With the confirmed cases of Coronavirus increasing hour by hour, people everywhere have questions. What can we do to protect ourselves? The more we learn and understand regarding this or any other illness, the more we can make rational, informed decisions. Stay calm in the pandemonium, and arm yourself with answers to common questions about Coronavirus.

Should I get tested?

So you think you may have Coronavirus? Or maybe you just think you may have been exposed, but you want to be cautious? Possibly you weren’t exposed and don’t have symptoms but believe it’s just better to be safe than sorry. Hold on. Before you race to the nearest lab for testing, take a moment and make sure it’s really necessary.

First things first. . .Do you have symptoms?

Symptoms of Coronavirus include fever, cough, and shortness of breath. You may experience some or all of these same symptoms with a common cold. This is why health professionals recommend that you not rush to the doctor or lab for testing at the first sign of symptoms. In short, if your condition is manageable with rest and over-the-counter medicines, stay home. If your symptoms are not bad enough that you’d normally go to a doctor, there’s no need to panic now.

Exceptions to this include people with compromised immune systems. Elderly people and those with diabetes, cancer, cardiovascular or lung disease, or any other disease that decreases immune function who experience the symptoms above, it’s best to be cautious and get tested.

I need testing. What should I do?

If you experience severe symptoms or have a concomitant disease, you should be tested. But don’t rush to the nearest emergency room (unless your symptoms are severe enough to warrant you do so). The current advice is to call your healthcare provider. If you have COVID-19, you might infect others in hospital and doctors’ waiting rooms. Your doc will tell you where to go for testing. It may be a special lab where you won’t have to wait or risk exposing others.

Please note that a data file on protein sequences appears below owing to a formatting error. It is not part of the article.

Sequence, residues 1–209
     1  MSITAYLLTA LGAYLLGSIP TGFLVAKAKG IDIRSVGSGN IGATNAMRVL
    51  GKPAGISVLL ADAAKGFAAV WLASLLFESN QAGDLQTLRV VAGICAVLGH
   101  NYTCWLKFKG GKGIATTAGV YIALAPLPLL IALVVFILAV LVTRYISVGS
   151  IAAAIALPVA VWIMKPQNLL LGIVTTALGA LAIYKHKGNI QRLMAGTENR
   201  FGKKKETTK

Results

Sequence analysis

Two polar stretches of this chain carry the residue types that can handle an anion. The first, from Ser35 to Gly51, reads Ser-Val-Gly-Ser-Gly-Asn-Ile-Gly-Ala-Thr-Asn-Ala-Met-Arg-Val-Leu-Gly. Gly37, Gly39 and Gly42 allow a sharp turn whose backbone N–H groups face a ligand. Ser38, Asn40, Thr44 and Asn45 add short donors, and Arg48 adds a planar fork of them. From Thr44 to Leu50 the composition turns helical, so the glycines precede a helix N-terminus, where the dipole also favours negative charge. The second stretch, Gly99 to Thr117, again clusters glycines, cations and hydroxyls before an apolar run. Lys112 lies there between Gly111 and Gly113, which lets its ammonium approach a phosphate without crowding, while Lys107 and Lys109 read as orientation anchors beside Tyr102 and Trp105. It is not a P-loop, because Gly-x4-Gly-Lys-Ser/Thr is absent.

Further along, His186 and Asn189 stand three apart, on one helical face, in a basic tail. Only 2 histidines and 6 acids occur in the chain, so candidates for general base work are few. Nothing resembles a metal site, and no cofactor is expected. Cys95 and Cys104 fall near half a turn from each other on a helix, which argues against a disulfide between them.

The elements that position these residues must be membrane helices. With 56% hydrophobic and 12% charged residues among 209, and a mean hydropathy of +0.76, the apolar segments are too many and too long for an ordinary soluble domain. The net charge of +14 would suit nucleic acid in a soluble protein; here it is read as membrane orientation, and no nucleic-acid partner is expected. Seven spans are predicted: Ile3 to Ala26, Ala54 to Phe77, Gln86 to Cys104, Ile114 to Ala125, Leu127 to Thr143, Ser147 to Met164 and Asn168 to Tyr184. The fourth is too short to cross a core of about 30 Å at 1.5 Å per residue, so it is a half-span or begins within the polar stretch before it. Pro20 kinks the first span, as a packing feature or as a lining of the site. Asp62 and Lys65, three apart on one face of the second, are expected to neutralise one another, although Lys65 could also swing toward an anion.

I’m Pregnant. Should I be worried?

Pregnancy taxes the body and causes decreased immunity, making pregnant women more susceptible to viruses and other illnesses. However, the CDC reports do not show an abundance of pregnant women infected with COVID-19.

Even If a pregnant woman contracts the virus, it may not be a dire situation. A small study of 9 Chinese women who tested positive for the virus all delivered healthy babies. Furthermore, amniotic fluid, cord blood, neonatal throat swab, and breastmilk samples from six patients were tested for COVID-19, and all samples tested negative for the virus.

Nevertheless, no woman wants to be sick during pregnancy. The CDC recommends pregnant women take precautions to avoid sick people and crowded areas and to practice good hygiene to prevent getting sick. Yep, pretty much the same recommendations as for the rest of us.

Should I cancel my travel plans?

With the unpredictability of Coronavirus, that’s a tough question to answer right now. CDC recommendations are changing on a daily basis based on the trend of the virus. Currently, they recommend avoidance of all non-essential travel to Korea, China, Iran, and Europe. But it’s important to note that the list is evolving daily. You can keep up to date about CDC travel advisories here.

Fortunately, if you decide to cancel a trip, most airlines, hotels, resorts, etc. have relaxed their cancellation policies.

How long until we get a Coronavirus vaccine?